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Assessing the Knowledge Level, Attitudes, Risky Behaviors and Preventive Practices on Sexually Transmitted Diseases among University Students as Future Healthcare Providers in the Central Zone of…

Overview of attention for article published in International Journal of Environmental Research and Public Health, February 2017
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Title
Assessing the Knowledge Level, Attitudes, Risky Behaviors and Preventive Practices on Sexually Transmitted Diseases among University Students as Future Healthcare Providers in the Central Zone of Malaysia: A Cross-Sectional Study
Published in
International Journal of Environmental Research and Public Health, February 2017
DOI 10.3390/ijerph14020159
Pubmed ID
Authors

Adigun Temiloluwa Folasayo, Afolayan John Oluwasegun, Suhailah Samsudin, Siti Nor Sakinah Saudi, Malina Osman, Rukman Awang Hamat

Abstract

This study was done to assess the knowledge, attitudes, risky behaviors and preventive practices related to sexually-transmitted diseases (STDs) among health and non-health sciences university students as future healthcare providers in Malaysia. A total of 700 health and non-health sciences university students (255 male; 445 female) aged between 17 and 30 years were surveyed by using a self-administered questionnaire. The majority (86.6%) had heard of STDs, and 50.4% knew STDs could present without symptoms. HIV remains the best known STD (83.6%) by the students, while chlamydia (26%) and trichomoniasis (21.0%) were rarely known. Gender, age group, educational level and faculty type were strongly associated with knowledge level (p-values < 0.05). Most of them (88.8%) were aware that STD screening was important while use of condoms was protective (63.8%). The majority of them strongly felt that treatment should be sought immediately if they (85.5%) and their partners (87.4%) have symptoms. Among the sexually-active students, 66.7% and 18% had sexual intercourse with multiple partners and commercial sex workers, while 17.4% and 9.4% took alcohol and drugs before having sex, respectively. By logistic regression analysis, students aged 24-30 years old (an odds ratio (AOR) = 0.57, 95% confidence interval (CI) = 0.377-0.859) and faculty type (AOR = 5.69, 95% CI = 4.019-8.057) were the significant predictors for the knowledge level. Knowledge on the non-HIV causes of STDs is still lacking, and the risky behavior practiced by the sexually-active students in this study is alarming. There is a need to revisit the existing STD education curriculum in both schools and universities so that appropriate intervention on STDs can be implemented.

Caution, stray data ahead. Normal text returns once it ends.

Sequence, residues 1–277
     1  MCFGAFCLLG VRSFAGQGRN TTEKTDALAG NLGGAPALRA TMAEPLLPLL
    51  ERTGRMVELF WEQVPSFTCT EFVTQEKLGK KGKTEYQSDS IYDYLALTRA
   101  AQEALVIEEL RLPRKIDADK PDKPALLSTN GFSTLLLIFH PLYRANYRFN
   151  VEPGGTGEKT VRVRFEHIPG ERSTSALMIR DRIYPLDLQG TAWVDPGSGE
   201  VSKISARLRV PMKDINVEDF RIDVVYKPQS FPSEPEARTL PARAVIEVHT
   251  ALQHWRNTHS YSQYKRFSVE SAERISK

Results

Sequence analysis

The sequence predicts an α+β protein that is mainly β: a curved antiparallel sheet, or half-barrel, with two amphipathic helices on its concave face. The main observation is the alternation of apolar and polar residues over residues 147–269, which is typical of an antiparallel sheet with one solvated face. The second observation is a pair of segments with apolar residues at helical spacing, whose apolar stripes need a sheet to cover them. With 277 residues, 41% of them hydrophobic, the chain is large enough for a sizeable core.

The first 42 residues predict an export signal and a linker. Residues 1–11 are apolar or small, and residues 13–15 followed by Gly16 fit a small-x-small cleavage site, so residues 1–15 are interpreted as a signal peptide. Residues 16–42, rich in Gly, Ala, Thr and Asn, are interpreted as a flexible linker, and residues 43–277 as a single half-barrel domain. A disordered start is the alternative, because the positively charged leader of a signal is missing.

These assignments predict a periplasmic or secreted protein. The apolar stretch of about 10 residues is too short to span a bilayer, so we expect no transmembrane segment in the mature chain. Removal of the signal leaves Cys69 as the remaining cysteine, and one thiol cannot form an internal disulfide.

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Mendeley readers

Mendeley readers

The data shown below were compiled from readership statistics for 445 Mendeley readers of this research output. Click here to see the associated Mendeley record.

Geographical breakdown

Country Count As %
Unknown 445 100%

Demographic breakdown

Readers by professional status Count As %
Student > Bachelor 100 22%
Student > Master 46 10%
Student > Ph. D. Student 19 4%
Researcher 18 4%
Lecturer 18 4%
Other 67 15%
Unknown 177 40%
Readers by discipline Count As %
Medicine and Dentistry 106 24%
Nursing and Health Professions 65 15%
Social Sciences 13 3%
Environmental Science 10 2%
Biochemistry, Genetics and Molecular Biology 8 2%
Other 52 12%
Unknown 191 43%
Attention Score in Context

Attention Score in Context

This research output has an Altmetric Attention Score of 1. This is our high-level measure of the quality and quantity of online attention that it has received. This Attention Score, as well as the ranking and number of research outputs shown below, was calculated when the research output was last mentioned on 08 February 2017.
All research outputs
#20,660,571
of 25,382,440 outputs
Outputs from International Journal of Environmental Research and Public Health
#25,552
of 31,817 outputs
Outputs of similar age
#321,956
of 424,548 outputs
Outputs of similar age from International Journal of Environmental Research and Public Health
#247
of 308 outputs
Altmetric has tracked 25,382,440 research outputs across all sources so far. This one is in the 10th percentile – i.e., 10% of other outputs scored the same or lower than it.
So far Altmetric has tracked 31,817 research outputs from this source. They typically receive a lot more attention than average, with a mean Attention Score of 13.8. This one is in the 9th percentile – i.e., 9% of its peers scored the same or lower than it.
Older research outputs will score higher simply because they've had more time to accumulate mentions. To account for age we can compare this Altmetric Attention Score to the 424,548 tracked outputs that were published within six weeks on either side of this one in any source. This one is in the 13th percentile – i.e., 13% of its contemporaries scored the same or lower than it.
We're also able to compare this research output to 308 others from the same source and published within six weeks on either side of this one. This one is in the 1st percentile – i.e., 1% of its contemporaries scored the same or lower than it.